In the two years since the conflict began, civilian deaths have unfolded in unimaginable numbers, yet the international community did not act. With respect to the Responsibility to Protect, therefore, are the lives that have been taken thus far worth less than the potential use of chemical weapons? Are we now to see another Iraq unfold before us – with the West intervening on the pretext of weapons-held, not because of lives lost?
By Kirthi Jayakumar
The beginning of the Arab Spring in Syria was marked some two years ago. Whilst Egypt, Tunisia and, in particular, Libya, received much international attention, Bahrain and Syria have been relatively ignored. News of the use of chemical weapons by the Assad administration, however, has brought forth the question of whether to military intervention should be undertaken.
Humanitarian intervention is a means to prevent or stop gross human rights violations within a state, where such a state is either incapable or unwilling to protect its own people, or is actively persecuting them. Many scholars identify the nineties at the “decade of humanitarian intervention”, during which the UN authorized several interventions on humanitarian grounds. During this period, even as the Security Council was increasingly willing to authorize humanitarian intervention, the United States and its allies took military action on at least three occasions for expressly humanitarian purposes, when the specific action was not authorized by the Security Council.
Several instances of intervention, though unauthorized, have been declared legitimate – like NATO’s intervention in Kosovo in 1999. More recently, the military intervention in Libya, though frowned upon by several states in the international community, can be said to be lawful since it was authorized by the Security Council in Resolution 1973, in ostensible exercise of its powers under Chapter VII of the UN Charter.
With respect to Syria, several countries are looking to intervene militarily in the face of the probable use of chemical weapons. This raises two importantly issues. First, with Russia and China keen to block any intervention, will the West side-step the need for prior UN authorisation and repeat a Kosovo – the very event they declared would not be a precedent? Second, assuming that all such questions are resolved – are chemical weapons alone a sufficient reason for intervention? It shouldn’t be forgotten that there has long been a terrible humanitarian and refugee crisis, with a rapidly growing death toll caused by conventional weaponry.
Public International Law by itself authorises no intervention, and retains the prohibition on it as a lofty ideal found within the primary provisions of the United Nations Charter. Article 2(4) of the UN Charter regards as sacred the political independence and territorial integrity of all nations, and allows for an exception to the prohibition on the use of force only in the form of Article 51; namely the right to self-defence in response to a prior armed attack.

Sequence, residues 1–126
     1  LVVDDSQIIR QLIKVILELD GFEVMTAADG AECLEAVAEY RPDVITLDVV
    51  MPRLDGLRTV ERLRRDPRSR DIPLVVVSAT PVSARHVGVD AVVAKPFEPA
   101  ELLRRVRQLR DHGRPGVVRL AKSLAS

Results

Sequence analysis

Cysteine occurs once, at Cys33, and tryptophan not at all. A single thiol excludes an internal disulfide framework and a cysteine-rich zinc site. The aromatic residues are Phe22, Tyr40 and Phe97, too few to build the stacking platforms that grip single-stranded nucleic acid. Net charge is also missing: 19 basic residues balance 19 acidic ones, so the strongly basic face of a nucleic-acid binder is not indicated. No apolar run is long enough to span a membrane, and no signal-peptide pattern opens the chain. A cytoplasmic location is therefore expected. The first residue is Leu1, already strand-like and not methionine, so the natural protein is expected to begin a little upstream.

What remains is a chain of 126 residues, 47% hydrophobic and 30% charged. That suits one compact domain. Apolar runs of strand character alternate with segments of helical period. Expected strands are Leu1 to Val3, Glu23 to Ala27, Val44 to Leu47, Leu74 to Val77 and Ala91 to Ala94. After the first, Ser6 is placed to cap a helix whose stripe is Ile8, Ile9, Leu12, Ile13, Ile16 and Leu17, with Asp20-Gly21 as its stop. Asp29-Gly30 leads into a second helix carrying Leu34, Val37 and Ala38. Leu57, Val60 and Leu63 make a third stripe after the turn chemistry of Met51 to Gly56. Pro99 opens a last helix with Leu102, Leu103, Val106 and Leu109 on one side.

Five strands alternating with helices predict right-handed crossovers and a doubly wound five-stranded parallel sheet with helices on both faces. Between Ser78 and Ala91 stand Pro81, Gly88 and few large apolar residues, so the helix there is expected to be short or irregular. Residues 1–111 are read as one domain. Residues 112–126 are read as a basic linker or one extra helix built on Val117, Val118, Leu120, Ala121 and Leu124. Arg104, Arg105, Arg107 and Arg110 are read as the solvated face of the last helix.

However, NATO carved out a niche exception through its 1999 intervention in Kosovo, and later under UNSC Resolution 1973 when it intervened in Libya. With respect to Kosovo, however, NATO members declared that it was only a special measure, not one that would set a precedent – “sui generis” they chose to call it.
In light of Public International Law as it stands today, it does not bode well to seek reliance on Kosovo to justify an intervention in Syria. Russia and China, as subjects of Public International Law, are averse to any form of intervention. This implies that there is every chance that a move to seek UN sanction for military intervention might be countered by a veto. As it stands, no treaty law authorises humanitarian intervention – it is yet to become a “customary norm”, and until then, there is a prohibition against its deployment.
Some may argue that it could be justifiable to intervene militarily under the Responsibility to Protect doctrine. Even relying on the doctrine (its legal status is a different issue altogether which is also yet to be considered customary practice) is not something that makes sense in the Syrian context. Intervention is definitely going to have its negative impacts; for instance, an increase in civilian deaths and an expected protraction of the conflict.
This leads to the second question concerning the very thought process that puts the use of a certain kind of weapon before the value attached to human life. In the two years since the conflict began, civilian deaths have unfolded in unimaginable numbers, yet the international community did not act. With respect to the Responsibility to Protect, therefore, are the lives that have been taken thus far worth less than the potential use of chemical weapons? Are we now to see another Iraq unfold before us – with the West intervening on the pretext of weapons-held, not because of lives lost? Kevin Jon Heller pointed out on Opinio Juris the very same thing in his own poignant words.
It still remains to be seen, though, if military intervention will be pursued and, if it should happen, whether it will have UN support. In a day and age when the UN itself is getting into conflict mode in the Democratic Republic of Congo, it is hard to see much hope for the denouncement of military intervention. Perhaps it might help to go the Richard Haass way – intervening “mostly with tools other than arms” – if there simply must be intervention.
Kirthi Jayakumar is a Lawyer, specialized in public international law and human rights. A graduate of the School of Excellence in Law, Chennai, Kirthi has diversified into research and writing on public international law and human rights. She has worked as a UN Volunteer, specializing in human rights research in Africa, India and Central Asia and the Middle East. She also runs a journal and consultancy that focuses on international law, called A38.
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